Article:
The mechanisms by which efflorescence forms are related to the way in which masonry assemblies which are wet go about drying. The extent to which efflorescence develops is highly variable, and will depend on such factors as the concentration of available soluble salts within the masonry, the volume and pattern of water infiltration and flow through the building envelope, and the length of time over which the process has been working. Efflorescence may be as light and unobtrusive as to be unnoticeable, may appear as a slight surface haze, or may be distinctly white and sufficiently heavy to measurably alter surface profile. The point is that many things in the building envelope can be sources of efflorescence, and repairs or coatings can alter the way in which a masonry assembly dries. In some cases, this will induce the formation of efflorescence.     


Studies of efflorescence and color in concrete products have suggested that most of the color change associated with efflorescence will diminish with time and weather exposure11. Some level of permanent lightening has been reported, however, and available data suggests that long term lightening on the order of dL = 3 or more is to be expected9, 11. Efflorescence is more noticeable over darker, more intense color shades. Experience with composite patching of brownstone confirms this observation, as even very slight deposits of efflorescence can create very noticeable changes in color.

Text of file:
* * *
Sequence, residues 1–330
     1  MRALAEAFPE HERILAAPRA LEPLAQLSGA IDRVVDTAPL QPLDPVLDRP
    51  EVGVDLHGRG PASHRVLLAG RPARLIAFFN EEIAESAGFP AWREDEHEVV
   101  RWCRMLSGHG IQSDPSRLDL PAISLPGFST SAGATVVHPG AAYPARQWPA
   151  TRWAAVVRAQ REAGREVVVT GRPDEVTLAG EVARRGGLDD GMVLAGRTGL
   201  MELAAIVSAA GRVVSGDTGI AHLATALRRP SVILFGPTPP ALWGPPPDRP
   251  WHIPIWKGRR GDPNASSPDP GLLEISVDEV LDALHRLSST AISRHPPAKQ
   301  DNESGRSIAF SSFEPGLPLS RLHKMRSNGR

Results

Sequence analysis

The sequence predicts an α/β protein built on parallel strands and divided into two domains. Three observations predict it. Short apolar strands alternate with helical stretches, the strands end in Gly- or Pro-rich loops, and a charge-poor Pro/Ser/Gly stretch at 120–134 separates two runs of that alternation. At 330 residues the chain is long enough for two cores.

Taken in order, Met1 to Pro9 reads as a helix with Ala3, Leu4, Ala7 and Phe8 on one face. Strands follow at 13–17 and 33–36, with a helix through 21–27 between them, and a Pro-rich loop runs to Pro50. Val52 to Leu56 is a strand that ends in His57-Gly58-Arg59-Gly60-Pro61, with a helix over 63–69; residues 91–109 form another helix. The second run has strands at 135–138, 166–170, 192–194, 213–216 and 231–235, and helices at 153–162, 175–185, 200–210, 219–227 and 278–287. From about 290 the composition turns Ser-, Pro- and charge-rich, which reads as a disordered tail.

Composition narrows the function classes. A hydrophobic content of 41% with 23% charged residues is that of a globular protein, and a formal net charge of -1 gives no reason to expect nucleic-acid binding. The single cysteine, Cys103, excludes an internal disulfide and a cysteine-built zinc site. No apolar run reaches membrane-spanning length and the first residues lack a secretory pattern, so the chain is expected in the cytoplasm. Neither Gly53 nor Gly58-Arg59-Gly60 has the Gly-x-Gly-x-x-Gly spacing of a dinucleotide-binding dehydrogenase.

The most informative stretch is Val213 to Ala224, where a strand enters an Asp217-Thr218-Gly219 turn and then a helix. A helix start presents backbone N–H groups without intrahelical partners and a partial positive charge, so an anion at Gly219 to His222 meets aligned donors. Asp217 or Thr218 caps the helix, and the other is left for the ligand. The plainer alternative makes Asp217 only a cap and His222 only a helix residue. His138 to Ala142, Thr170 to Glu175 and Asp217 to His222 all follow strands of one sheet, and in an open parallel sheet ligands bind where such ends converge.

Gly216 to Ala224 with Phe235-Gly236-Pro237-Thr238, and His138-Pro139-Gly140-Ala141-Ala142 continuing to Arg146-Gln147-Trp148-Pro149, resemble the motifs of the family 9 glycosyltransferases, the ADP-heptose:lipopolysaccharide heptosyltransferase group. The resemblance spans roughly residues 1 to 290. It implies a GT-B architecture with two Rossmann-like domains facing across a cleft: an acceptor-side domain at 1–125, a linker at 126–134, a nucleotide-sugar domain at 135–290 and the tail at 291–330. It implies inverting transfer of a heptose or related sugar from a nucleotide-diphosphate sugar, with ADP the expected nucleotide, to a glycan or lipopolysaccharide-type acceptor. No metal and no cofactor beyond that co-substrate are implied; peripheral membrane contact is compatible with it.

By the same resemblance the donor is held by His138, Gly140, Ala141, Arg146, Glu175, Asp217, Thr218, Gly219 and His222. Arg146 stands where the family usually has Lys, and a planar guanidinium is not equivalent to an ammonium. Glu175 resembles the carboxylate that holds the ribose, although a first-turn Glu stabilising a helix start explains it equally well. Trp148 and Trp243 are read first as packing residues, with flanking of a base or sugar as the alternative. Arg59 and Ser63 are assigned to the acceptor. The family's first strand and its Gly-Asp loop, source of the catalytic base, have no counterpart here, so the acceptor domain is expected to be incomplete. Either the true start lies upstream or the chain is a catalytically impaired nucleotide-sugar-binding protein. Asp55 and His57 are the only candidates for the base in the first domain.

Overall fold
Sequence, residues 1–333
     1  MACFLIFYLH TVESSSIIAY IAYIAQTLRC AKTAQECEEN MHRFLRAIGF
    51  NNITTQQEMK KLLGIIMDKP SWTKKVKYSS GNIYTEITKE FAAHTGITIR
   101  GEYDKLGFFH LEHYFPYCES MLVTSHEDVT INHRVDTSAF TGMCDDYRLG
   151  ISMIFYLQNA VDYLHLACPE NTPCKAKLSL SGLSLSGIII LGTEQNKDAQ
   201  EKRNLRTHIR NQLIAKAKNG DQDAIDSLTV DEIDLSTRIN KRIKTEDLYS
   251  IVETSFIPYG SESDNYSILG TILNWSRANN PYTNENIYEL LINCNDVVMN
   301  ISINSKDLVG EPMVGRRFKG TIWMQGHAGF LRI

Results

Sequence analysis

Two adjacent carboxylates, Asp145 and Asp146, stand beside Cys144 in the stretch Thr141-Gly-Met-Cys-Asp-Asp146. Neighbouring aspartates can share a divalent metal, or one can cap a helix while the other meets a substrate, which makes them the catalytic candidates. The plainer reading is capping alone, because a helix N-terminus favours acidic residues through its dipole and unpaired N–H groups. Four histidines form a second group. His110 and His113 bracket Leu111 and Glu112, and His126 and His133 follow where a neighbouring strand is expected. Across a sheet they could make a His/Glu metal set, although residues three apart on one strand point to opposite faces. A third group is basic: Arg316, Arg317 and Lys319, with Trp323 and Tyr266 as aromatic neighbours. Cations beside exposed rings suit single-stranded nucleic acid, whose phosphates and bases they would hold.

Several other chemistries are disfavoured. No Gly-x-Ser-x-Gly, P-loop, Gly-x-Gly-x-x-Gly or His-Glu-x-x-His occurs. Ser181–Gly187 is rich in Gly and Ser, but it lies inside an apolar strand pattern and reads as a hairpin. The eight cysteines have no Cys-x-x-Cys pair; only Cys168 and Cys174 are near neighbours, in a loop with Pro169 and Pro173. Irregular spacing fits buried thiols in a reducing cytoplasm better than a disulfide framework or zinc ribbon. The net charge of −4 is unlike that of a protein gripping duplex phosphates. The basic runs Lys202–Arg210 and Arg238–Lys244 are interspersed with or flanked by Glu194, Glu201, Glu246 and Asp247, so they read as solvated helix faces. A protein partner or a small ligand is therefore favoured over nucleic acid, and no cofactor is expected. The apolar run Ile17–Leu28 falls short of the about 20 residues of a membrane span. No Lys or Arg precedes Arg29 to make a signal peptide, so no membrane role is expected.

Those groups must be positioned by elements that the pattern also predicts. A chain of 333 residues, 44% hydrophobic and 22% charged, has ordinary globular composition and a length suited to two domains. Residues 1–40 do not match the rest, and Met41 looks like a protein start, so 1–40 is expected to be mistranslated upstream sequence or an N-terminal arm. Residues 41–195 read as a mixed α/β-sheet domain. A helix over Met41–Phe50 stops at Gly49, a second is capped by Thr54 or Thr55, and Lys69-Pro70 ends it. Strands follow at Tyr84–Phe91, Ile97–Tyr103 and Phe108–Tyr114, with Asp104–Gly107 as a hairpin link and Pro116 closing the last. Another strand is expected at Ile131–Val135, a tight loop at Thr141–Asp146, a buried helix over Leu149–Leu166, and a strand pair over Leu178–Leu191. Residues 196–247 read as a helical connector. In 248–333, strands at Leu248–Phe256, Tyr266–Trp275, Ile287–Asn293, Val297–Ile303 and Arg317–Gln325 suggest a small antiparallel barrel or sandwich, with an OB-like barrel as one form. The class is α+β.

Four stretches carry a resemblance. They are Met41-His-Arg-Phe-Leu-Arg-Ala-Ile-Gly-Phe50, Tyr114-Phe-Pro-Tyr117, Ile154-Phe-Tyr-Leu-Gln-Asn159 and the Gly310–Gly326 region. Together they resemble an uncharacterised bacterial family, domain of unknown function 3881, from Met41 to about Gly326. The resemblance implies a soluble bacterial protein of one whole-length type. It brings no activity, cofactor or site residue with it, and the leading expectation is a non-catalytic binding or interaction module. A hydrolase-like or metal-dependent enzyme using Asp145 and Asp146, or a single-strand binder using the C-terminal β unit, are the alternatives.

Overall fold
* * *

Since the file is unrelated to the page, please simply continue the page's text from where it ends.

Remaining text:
Efflorescence and its tendency to form have also been associated with the density and porosity of cementitious materials. Generally, the lower the density and the higher the porosity, the more freely liquid water can move through a material and the greater will be the tendency for efflorescence to form11. Composite repair mortars for soft sandstones are intentionally designed for relatively high permeability in order to be compatible with the porous host stone. Unfortunately, this also makes them ideal for the passage of salt-laden water, which can lead to the deposition of efflorescence.

Change in Lightness, dL, on the order of 3 to 4, as recorded in the 800-hour QUV test for compound 701R, is unlikely to be objectionable. It is conceivable, however, that more pronounced efflorescence (higher dL) may develop in any particular case. If heavy efflorescence does occur, efforts should be made to determine whether the causes are continuing moisture infiltration, repair mortar instability, or a simple one-time event related to drying of the structure. Once the causes are understood and addressed, if required, any remaining aesthetic issues can be resolved by such means as removal, staining, or simply allowing nature to weather it away in due course.


Correlating Laboratory Studies with Natural Exposure Data